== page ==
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Biochemistry. 1993 Jan 19;32(2):530-6.

Membrane partition of fatty acids and inhibition of T cell function.

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Division of Membrane Biology, Medical Biology Institute, La Jolla, California 92037.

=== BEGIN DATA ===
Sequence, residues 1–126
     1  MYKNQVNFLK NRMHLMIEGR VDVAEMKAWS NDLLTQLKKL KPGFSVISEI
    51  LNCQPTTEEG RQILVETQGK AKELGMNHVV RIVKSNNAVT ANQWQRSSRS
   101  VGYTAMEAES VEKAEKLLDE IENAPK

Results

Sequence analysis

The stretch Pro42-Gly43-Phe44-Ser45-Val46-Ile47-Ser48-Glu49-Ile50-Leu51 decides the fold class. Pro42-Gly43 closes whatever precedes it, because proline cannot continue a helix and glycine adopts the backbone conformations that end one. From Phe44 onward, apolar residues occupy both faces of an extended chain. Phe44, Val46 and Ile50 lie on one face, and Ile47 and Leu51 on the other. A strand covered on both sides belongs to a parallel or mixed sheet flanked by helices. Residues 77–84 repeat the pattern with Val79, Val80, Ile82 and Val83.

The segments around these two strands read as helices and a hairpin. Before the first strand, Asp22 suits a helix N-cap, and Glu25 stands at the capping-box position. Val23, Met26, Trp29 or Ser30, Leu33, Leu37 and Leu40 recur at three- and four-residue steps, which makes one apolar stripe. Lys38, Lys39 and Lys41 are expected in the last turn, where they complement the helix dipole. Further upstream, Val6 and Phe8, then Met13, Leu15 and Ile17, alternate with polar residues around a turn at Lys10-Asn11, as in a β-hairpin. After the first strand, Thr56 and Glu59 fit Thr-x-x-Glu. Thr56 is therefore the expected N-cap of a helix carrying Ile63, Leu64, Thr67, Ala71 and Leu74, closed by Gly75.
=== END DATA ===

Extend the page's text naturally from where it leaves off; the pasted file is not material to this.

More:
Short-term exposure to elevated levels of free fatty acids (FFA) perturbs a variety of cellular functions. It is frequently observed that cis-unsaturated fatty acids (FA) mediate these perturbations while trans-unsaturated or saturated FA are relatively inert. This dichotomy has generally been ascribed to the differential effects of these FA on membrane structure, specifically, that cis but not saturated FA alter lipid acyl chain order. Direct support for this view, however, is lacking because membrane partition of FA has not been determined for the relevant FA and for the conditions of the functional studies. Previous measurements of membrane partition of natural long-chain FA have relied on the determination of the amount bound to the membrane rather than the aqueous-phase concentration of FA. Because [FFA] is low, however, the partition coefficient (Kp) is relatively insensitive to the membrane-bound concentration and, therefore, accurate determinations of Kp require direct [FFA] measurements. In this study FA partition between the aqueous phase and either lipid bilayer vesicles or cytotoxic T lymphocytes (CTL) was measured using a recently developed fluorescent indicator of FFA. This indicator is composed of recombinant intestinal fatty acid binding protein derivatized with acrylodan and is termed ADIFAB. Using ADIFAB, partition coefficients were determined for seven saturated and cis-unsaturated FA under conditions that parallel those in which cis FA have been shown to inhibit CTL signaling. In general, Kp values were approximately an order of magnitude greater than previous determinations and were found to be greater for the noninhibitory saturated FA than the inhibitory cis FA.(ABSTRACT TRUNCATED AT 250 WORDS)

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